Not when ignoring it is the problem. As commenter Hamranhansenetc said on my original post, “what you mean by ‘ignoring Time Cook’s sexuality’ is ‘pretending he is straight.’” It’s rude to do that. And skirting the issue of Cook’s sexuality only encourages and exacerbates that problem. As Hamran continues (you should really read the whole comment, it’s great), “In the larger sense, it does not matter that Tim Cook is gay and not straight. However, it does matter when the media pretend Tim Cook is straight and not gay. And that is what we are talking about here.”
Another commenter, RaidV92C, reacted a rather different way, but just as accurately: “This is not newsworthy, it’s west coast, liberal media, hollywood forcing homosexuality as NORMAL on the general public.” Yes. Exactly. Homosexuality is normal. And people who object to stories which cover an executive’s homosexuality as being as unexceptional as another executive’s wife and children are exactly the people who are winning if no mention is made of Cook’s sexuality.
Do we report that executives are straight?
Yes, all the time, especially when we talk about their families. And more generally straight is the default option — people are assumed to be straight unless we’re told otherwise. No LGBT person likes it when they’re assumed to be straight, but it happens every day.
Isn’t this a salacious invasion of Tim Cook’s privacy?
There is nothing salacious about someone being straight, or being gay. Insofar as you think it’s salacious, that’s because you think that being gay is somehow naughty, or shameful. Is this an invasion of privacy? To a certain extent, yes. More people know more things about Tim Cook now than they did a few weeks ago. That’s what happens when you become the CEO of Apple.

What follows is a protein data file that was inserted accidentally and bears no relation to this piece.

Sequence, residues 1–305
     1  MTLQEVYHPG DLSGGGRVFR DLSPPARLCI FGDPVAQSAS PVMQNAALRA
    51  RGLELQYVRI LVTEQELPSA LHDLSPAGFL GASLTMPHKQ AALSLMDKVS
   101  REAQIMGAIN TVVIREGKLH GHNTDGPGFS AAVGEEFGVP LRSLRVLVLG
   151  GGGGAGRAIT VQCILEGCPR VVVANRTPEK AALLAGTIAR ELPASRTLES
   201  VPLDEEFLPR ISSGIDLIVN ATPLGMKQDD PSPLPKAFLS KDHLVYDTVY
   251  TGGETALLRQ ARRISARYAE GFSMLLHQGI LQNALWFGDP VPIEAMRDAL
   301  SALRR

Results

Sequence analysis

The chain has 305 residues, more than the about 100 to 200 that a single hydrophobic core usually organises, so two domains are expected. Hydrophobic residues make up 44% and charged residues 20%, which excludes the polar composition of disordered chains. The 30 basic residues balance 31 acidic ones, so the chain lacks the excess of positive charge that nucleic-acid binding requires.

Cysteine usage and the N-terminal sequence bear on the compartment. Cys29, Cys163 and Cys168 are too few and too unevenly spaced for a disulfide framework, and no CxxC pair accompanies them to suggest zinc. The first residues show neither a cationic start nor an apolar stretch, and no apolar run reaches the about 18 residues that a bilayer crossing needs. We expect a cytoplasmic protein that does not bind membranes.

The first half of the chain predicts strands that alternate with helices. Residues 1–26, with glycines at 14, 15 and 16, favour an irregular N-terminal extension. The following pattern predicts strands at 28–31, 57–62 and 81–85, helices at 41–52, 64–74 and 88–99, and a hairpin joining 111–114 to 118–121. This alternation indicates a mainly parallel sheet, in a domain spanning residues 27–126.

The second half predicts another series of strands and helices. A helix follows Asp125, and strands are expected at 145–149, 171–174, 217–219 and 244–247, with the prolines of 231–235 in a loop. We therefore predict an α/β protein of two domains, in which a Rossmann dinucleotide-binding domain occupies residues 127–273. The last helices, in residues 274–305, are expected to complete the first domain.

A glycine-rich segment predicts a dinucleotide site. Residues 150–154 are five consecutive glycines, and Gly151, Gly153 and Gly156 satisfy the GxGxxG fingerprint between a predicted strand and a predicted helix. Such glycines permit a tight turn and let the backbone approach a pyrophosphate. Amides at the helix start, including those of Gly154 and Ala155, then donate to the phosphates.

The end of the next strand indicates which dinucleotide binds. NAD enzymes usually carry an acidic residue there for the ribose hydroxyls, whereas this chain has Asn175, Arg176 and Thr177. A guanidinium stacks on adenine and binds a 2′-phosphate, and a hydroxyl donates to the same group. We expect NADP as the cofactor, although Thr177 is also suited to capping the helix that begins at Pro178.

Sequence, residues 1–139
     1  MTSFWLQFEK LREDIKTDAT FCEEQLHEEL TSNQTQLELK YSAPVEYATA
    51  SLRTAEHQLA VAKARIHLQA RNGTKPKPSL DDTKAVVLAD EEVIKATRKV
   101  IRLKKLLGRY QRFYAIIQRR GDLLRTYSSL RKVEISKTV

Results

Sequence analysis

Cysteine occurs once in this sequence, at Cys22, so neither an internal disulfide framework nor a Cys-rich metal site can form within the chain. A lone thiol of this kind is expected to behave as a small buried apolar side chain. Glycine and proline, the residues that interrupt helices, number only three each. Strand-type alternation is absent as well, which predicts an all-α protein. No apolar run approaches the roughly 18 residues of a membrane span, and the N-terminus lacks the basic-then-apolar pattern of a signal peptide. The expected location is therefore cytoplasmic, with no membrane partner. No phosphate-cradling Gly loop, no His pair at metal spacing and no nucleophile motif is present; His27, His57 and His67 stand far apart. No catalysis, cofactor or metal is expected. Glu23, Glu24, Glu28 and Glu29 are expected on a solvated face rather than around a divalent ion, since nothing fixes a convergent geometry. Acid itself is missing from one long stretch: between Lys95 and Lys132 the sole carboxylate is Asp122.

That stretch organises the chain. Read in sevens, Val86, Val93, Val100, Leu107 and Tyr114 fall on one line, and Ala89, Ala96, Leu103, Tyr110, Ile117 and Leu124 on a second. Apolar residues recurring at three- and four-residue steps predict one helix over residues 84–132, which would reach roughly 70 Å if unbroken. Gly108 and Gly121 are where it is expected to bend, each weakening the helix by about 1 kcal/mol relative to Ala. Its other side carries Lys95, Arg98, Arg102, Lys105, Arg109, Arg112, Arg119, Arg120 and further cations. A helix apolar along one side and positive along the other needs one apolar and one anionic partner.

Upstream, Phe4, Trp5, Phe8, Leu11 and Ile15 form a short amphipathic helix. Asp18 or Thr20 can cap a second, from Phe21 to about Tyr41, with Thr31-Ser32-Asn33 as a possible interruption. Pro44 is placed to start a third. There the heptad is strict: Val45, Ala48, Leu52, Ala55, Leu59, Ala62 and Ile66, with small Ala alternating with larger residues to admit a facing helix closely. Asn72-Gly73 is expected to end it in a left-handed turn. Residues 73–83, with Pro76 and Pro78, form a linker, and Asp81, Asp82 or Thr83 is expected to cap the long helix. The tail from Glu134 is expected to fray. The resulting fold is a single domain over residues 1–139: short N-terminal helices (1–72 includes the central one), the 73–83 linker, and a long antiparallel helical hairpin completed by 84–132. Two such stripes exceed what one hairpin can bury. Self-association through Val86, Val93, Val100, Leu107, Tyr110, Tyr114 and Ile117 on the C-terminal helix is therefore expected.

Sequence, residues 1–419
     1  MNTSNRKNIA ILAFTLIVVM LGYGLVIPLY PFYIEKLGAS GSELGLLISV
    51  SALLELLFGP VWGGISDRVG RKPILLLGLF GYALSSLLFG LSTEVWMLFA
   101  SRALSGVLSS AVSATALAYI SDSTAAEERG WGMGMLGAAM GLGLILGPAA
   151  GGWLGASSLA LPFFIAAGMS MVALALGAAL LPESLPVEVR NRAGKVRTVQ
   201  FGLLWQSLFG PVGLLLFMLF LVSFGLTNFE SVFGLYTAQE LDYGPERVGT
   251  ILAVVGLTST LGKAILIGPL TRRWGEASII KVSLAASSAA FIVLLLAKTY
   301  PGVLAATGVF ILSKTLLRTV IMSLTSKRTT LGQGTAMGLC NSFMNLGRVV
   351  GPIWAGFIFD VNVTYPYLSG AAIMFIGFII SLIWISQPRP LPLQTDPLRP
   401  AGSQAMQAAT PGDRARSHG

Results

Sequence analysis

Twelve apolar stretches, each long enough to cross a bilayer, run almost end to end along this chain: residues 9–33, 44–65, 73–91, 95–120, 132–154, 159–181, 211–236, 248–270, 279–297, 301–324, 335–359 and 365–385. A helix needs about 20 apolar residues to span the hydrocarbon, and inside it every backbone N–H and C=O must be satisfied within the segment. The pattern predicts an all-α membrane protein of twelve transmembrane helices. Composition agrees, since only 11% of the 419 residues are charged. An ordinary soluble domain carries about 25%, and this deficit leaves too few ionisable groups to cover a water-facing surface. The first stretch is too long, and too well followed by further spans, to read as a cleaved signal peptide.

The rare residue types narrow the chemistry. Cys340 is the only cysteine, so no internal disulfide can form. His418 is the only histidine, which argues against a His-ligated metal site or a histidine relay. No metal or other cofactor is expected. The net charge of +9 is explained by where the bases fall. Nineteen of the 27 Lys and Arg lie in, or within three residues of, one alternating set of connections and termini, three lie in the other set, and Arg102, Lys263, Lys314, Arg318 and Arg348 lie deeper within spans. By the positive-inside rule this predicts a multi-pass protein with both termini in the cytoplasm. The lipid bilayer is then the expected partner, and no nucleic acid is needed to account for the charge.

In any public corporation, there’s a small number of people whose jobs are outward-facing, and at the top of the list is always the CEO. He’s the public face of the company; if you see a corporate profile on the cover of a glossy magazine, chances are it will be illustrated with a big picture of the CEO. If you don’t want your face splashed across the world’s media, then you shouldn’t be CEO of a massively valuable company which touches millions of people. Sometimes, as in the case of Mark Zuckerberg, entire movies — and not particularly accurate ones, either — are made about you and your personal life. Reporting that Tim Cook is gay is absolutely nothing, in the invasion-of-privacy stakes, compared to The Social Network. But CEOs, especially CEOs of public companies, are public figures. Their salaries are a matter of public knowledge. When you’re a public figure, you lose a certain amount of privacy. And the higher your profile rises, the more privacy you lose. Tim Cook knows that; he knows that it’s silly to expect to be the CEO of Apple without the world knowing that he’s gay. So let’s stop pretending that we’re not talking about this subject for his sake.